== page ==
We are pretty relaxed, easy-going people. We go into all shoots treating it like we are just just hanging out with friends documenting the adventure. Our job is literally to document people hanging out. We try not to overly direct the talent on shoots, we really just try to set up situations and move around capturing little moments of those situations. We are constantly moving around, going off with one or two models or shooting side-by-side.
The David Lynch portrait is really great. I read it was done for free. Could you talk about that process? What was it shot with?
Thanks! It was shot for Shepard Fairey and Roger Gastman’s old magazine Swindle. Shepard would trade shoots for prints since the magazine was barely scraping by and we’d pay rent by selling them on eBay (shhh, don’t tell him). We decided to shoot only 4×5 film for it. We shot 3 or 4 shots and asked if he wanted to smoke and he said of course. We shot 4 more of him smoking. The shoot was only about 20 minutes and most of the time was spent talking about cigarettes and coffee. After we shot him, he shook our hands and said that it was a great pleasure watching us work and walked off into his backyard. It was pretty nerve-racking only shooting 8 frames of an icon, but this is one of my all time favorite shots one of us has taken. This was actually the first negative of the shoot we looked at when we got it back from the lab, and we were so stoked on it we didn’t look at the others.
Day XIX also shoots advertising. These photographs look just as energetic as your other work. I especially like your ones of 2NE1. How were you able to get these great images in such a busy location? How did that shoot go?
The 2NE1 shoot was great. It was shot in Shibuya Crossing in Tokyo, one of the busiest intersections in the world. You don’t need permits to shoot there but you just can’t be in the crosswalk when the no walking sign comes on. So we basically hurried back and forth across the street every couple of minutes until word got out that they were there and the mobs of fans showed up. That was our first time in Japan and we completely fell in love with the place. We were there for a week and a half and I don’t feel like we even dented one neighborhood of one city. It’s insane.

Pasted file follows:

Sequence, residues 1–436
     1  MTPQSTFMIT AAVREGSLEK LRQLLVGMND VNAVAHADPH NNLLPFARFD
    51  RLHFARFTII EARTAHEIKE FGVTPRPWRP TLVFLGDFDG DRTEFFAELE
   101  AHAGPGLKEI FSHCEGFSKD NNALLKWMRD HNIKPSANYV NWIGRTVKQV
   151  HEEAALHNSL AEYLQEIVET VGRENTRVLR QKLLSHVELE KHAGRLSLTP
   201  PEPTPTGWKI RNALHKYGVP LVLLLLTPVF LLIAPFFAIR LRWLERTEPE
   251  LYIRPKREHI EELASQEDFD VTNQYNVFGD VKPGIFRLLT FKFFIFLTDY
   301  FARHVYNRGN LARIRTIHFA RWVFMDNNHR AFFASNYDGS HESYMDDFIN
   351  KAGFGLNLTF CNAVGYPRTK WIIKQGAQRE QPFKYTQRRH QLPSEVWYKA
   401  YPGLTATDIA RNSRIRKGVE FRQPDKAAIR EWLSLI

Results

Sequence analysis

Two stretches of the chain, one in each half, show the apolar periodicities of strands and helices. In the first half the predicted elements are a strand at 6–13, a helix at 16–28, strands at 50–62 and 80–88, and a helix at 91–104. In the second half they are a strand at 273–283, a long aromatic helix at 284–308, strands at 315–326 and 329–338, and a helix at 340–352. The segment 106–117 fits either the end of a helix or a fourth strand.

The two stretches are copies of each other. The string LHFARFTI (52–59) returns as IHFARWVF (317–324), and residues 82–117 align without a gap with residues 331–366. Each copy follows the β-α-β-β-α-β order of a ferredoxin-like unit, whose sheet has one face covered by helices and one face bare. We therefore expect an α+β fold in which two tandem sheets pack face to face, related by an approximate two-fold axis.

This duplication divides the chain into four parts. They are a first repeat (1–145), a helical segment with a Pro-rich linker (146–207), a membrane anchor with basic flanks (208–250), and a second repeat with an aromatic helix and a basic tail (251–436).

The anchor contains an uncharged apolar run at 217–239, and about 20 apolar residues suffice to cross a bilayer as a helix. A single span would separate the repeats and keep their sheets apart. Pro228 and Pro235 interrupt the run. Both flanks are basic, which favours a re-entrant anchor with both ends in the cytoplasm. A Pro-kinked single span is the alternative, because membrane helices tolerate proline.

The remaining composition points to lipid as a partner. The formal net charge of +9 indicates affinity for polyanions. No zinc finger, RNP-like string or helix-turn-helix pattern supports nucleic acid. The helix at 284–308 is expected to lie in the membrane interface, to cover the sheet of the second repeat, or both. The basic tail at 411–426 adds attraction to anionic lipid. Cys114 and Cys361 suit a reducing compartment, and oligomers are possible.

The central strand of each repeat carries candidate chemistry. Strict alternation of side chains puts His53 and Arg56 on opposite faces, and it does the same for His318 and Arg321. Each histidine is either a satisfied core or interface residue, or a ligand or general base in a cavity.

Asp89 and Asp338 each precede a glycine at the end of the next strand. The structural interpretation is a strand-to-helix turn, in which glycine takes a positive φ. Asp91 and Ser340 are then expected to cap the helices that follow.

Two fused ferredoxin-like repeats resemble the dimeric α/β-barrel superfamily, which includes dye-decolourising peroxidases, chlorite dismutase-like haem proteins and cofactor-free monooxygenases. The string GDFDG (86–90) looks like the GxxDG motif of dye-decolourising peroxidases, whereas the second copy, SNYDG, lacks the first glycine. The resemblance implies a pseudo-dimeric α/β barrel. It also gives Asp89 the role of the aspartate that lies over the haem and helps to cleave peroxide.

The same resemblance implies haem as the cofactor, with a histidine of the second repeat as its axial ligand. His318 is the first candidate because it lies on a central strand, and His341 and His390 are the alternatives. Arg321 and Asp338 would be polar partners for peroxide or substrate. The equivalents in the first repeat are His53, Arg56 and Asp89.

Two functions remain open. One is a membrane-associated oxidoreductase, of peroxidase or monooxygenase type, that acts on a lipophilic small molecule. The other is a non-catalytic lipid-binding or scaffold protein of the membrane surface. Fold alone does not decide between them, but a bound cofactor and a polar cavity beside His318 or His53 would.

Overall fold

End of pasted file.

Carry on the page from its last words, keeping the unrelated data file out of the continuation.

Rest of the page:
There are many personal images in Claire’s sketchbooks. I especially like the color head shots like this one. Are these photographs of friends and family? What’s her approach?
The photos you are referencing are from a series she did years ago with a Holga and a flash. We were living in Boston and lived in a house that was the hub of a lot of rad shit. People were constantly stopping by or meeting there to go on to the next thing, so Claire would just shoot everyone who would come through.
Your Polaroid project is really great. Is this an extension of Claire’s sketchbooks? Could you explain your aims with it?
Thanks you again! I’ll give you the long version of it. About 7 or 8 years ago, our good buddy Dan Monick gave me a couple boxes of 4X5 Polaroid he wasn’t going to use. We still owned a 4×5 camera we had to buy in school. We dusted it off and brought it to a friend’s pool party. There was no plan to do a series yet, just messing around with some free film. I asked to shoot our friend Dallas’ son Audio up against the wall. I told him he needed to be very still because once I put the film in I wouldn’t be able to see through the camera anymore to adjust the focus. Audio sat there completely still for a good 30 seconds and just as I was about to click the shutter he stuck his tongue out.
After that day, we had the idea to start shooting these portraits whenever we had a day off. Claire shoots one and I shoot one and that’s it, then we decide who’s we like better. It was a great excuse to get in touch with people you think are doing cool shit and spend a little time with them. It’s basically a series of portraits of people that we think are contributing something cool to the world. In the first couple years of it, we were shooting people almost every day and then Polaroid stopped making film. There’s a book in the works but I’ve been saying that for too long now. It was an extension of projects we had both done in the past. Claire’s one you referenced and one I had going on for awhile. We have a ton of sketchbooks we put work into. Most people haven’t seen them but there are tons. Sometimes one sketchbook would be a single cohesive project or sometimes its just taped down photos with writing and drawings and stuff.
What’s the greatest photography/life advice you’ve received thus far in your career?
When I was in county college in New Jersey and learning to print pictures, I would carry a box around of all these 5×7 photos I had shot that I was super proud of at the time. I grew up skating in New York most nights and someone pointed out Larry Clark (I had no idea who he was at the time) and said he was a famous photographer. I introduced myself and asked if he’d look at my box of photos. There were about 35-40 photos in there and after looking all he said was “get closer”. I still don’t know if he meant get physically closer or mentally but it’s stuck with me.
Be sure to check out all of Day XIX’s work on their website!